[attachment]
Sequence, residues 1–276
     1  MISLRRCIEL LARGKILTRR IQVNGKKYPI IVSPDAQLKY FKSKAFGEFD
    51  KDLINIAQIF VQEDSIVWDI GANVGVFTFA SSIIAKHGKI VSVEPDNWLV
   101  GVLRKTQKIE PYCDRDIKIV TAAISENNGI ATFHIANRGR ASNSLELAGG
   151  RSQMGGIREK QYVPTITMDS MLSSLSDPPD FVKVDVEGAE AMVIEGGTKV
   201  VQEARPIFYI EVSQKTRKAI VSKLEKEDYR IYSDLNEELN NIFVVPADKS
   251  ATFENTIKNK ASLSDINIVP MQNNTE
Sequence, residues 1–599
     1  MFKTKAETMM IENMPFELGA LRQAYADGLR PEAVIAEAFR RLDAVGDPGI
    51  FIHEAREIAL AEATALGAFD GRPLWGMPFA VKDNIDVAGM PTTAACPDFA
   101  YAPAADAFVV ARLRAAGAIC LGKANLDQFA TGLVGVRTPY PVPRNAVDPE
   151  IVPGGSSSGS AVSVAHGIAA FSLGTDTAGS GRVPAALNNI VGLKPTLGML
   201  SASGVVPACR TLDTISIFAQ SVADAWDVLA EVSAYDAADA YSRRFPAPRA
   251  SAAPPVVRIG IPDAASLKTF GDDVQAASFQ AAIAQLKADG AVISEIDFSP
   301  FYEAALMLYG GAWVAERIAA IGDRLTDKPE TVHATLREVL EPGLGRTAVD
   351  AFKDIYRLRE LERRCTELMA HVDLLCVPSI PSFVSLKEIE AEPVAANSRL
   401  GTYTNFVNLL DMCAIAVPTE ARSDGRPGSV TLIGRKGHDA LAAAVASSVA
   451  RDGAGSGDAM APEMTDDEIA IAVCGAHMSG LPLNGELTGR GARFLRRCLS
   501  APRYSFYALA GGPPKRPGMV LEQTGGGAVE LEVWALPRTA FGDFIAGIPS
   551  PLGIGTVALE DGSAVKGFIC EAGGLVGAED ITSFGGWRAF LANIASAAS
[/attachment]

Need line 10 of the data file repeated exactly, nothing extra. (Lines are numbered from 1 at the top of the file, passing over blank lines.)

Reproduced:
    51  FIHEAREIAL AEATALGAFD GRPLWGMPFA VKDNIDVAGM PTTAACPDFA